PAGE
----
Thousands of parents urged to claim benefits worth £10,000s before deadline

365     0
Bereavement Support Payment and Widowed Parent’s Allowance are designed to help families (Image: Getty Images/Tetra images RF)
Bereavement Support Payment and Widowed Parent’s Allowance are designed to help families (Image: Getty Images/Tetra images RF)

Bereaved parents are being urged to check if they can claim benefits potentially worth tens of thousands of pounds before a crucial deadline.

The Government has extended the eligibility criteria for Bereavement Support Payment and Widowed Parent’s Allowance. Previously, these benefits were only available to couples who were married or in a civil partnership.

But now, couples who are cohabiting and have dependent children will also be eligible for this support, which is designed to offer financial help following the death of a loved one. Bereaved parents who lost their partner between April 9, 2001 and February 8, 2023 may be eligible for backdated payments - but you only have until February 8, 2024 to apply.

When the Department for Work and Pensions (DWP) extended the eligibility criteria in February, it opened a 12-month window for cohabiting parents to backdate their claims. This means parents whose partner died before February 9, 2023 have until February 8, 2024 to claim.

After this, you won’t be able to claim Widowed Parent’s Allowance and parents will not get their full entitlement to a backdated payment of Bereavement Support Payment. Which of these benefits a parent is eligible for will depend on the date their partner died.

Greggs, Costa & Pret coffees have 'huge differences in caffeine', says report rriddqikeiqtkinvGreggs, Costa & Pret coffees have 'huge differences in caffeine', says report

If your partner died before April 6, 2017, you would need to claim Widowed Parent’s Allowance. The amount you could get through Widowed Parent’s Allowance is based on how much your partner paid in National Insurance contributions.

The maximum is £139.10 a week and you you'll continue to claim this until you either stop being entitled to Child Benefit or reach state pension age. In some cases, people have claimed backdated payments worth tens of thousands of pounds.

One man wrote in to MoneySavingExpert.com founder Martin Lewis to explain how his mum received a payment worth £37,000.

If your partner died on or after 6 April 2017, you would need to claim Bereavement Support Payment, which has replaced Widowed Parent’s Allowance. Bereavement Support Payment is paid at one of two rates.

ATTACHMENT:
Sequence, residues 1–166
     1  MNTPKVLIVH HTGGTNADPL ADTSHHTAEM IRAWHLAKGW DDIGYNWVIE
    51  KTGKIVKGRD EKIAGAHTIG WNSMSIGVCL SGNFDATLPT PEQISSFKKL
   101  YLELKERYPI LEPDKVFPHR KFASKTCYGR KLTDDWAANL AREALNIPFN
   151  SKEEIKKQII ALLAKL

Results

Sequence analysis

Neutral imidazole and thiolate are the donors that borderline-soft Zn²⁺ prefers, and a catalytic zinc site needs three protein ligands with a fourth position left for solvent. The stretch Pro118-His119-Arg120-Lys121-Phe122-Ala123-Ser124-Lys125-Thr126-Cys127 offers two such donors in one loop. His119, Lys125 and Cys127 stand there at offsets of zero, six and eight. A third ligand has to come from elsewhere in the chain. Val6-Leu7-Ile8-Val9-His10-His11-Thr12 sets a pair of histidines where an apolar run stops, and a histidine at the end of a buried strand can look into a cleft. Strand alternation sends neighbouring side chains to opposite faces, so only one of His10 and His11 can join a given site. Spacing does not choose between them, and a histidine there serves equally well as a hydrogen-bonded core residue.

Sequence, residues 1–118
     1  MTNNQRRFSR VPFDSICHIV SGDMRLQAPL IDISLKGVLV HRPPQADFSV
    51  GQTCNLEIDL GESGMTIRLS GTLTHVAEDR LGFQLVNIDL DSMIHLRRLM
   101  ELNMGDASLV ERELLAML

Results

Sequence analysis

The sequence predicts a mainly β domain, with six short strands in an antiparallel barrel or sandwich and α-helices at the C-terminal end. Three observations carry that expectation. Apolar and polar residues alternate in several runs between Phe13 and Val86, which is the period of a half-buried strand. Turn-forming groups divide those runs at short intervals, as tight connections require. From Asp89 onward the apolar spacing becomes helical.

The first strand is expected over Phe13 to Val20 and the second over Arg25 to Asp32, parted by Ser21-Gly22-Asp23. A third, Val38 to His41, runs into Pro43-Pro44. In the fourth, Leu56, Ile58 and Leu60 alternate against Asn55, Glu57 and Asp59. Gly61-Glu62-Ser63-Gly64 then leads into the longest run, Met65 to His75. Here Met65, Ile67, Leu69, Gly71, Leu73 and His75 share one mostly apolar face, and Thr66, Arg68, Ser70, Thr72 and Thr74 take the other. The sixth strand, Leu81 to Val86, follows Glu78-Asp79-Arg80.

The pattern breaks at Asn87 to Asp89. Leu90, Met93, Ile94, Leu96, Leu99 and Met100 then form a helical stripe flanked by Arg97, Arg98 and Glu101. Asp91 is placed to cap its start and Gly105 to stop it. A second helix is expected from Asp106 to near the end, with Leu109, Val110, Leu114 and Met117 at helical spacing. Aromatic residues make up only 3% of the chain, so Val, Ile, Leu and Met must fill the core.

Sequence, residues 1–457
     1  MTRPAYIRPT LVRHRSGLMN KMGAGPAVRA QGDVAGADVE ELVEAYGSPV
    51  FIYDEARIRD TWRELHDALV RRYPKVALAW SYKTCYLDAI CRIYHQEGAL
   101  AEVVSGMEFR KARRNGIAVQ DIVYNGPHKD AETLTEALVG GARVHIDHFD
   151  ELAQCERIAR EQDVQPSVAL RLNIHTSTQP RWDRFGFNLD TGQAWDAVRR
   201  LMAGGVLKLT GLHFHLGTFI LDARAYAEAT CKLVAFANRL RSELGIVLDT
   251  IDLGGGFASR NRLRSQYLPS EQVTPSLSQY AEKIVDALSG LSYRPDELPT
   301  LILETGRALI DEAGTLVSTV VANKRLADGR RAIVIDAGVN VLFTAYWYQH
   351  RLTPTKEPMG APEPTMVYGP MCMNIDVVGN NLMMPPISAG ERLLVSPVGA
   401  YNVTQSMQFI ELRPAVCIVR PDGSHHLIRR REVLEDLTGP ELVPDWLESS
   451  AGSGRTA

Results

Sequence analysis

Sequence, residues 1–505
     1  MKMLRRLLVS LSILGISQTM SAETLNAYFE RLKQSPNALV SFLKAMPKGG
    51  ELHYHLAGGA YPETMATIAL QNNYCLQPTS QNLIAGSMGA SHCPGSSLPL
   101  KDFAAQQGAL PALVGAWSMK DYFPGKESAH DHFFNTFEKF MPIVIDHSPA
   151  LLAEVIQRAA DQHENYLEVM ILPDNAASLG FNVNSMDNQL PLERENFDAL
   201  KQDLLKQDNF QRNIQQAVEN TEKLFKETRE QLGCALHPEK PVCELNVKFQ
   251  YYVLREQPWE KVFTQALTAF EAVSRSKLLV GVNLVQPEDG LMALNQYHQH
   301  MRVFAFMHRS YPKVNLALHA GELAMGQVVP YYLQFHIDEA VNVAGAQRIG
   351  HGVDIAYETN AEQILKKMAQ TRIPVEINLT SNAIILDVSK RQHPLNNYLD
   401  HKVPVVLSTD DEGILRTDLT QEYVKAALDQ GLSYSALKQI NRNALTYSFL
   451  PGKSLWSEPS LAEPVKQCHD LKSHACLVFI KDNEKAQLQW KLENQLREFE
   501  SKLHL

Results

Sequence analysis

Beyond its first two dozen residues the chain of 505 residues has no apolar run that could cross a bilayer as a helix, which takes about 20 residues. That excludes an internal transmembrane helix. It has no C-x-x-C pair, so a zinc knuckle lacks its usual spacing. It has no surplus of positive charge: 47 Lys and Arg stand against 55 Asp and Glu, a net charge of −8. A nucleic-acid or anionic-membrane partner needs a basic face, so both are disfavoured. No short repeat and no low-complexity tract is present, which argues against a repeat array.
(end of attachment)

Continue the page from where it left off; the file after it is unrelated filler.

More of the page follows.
If you got Child Benefit or were pregnant when your parent died, you will receive the higher rate which includes a first payment of £3,500, plus £350 a month for 18 months. If you didn't have children - but you were married or in a civil partnership - you get one payment worth £2,500, plus £100 a month for 18 months.

In order to qualify for Bereavement Support Payment, your partner must have either paid National Insurance contributions for at least 25 weeks in one tax year since April 6, 1975, or died because of an accident at work or a disease caused by work.

You must claim within the first three months of your partner's death to get the full amount - you can claim up to 21 months afterwards, but you will get fewer monthly payments.

When your partner died, you need to have been under state pension age. The earliest payments can be backdated to is August 30, 2018, even if your partner died before this date.

DWP Minister Viscount Younger of Leckie said: “This is an important law change which extends support to many more bereaved families with children, regardless of whether parents were married or in a civil partnership.

“I would urge any parents eligible for backdated money to put in their claim now so they can benefit from this financial support as soon as possible.”

'I tricked my sister into giving her baby a stupid name - she had it coming''I tricked my sister into giving her baby a stupid name - she had it coming'

Alison Penny MBE, Director of the Childhood Bereavement Network said: “It has been very moving to hear stories from parents who have received a backdated payment after years of being unable to access this lifeline benefit for them and their children.

“We think there are many others out there who could be in line for a payment. We encourage anyone who thinks they might be eligible to look into this, and seek specialist welfare benefits advice if they are in any doubt about the effects that a back payment could have on their wider tax and social security entitlements.”

Levi Winchester

Print page

Comments:

comments powered by Disqus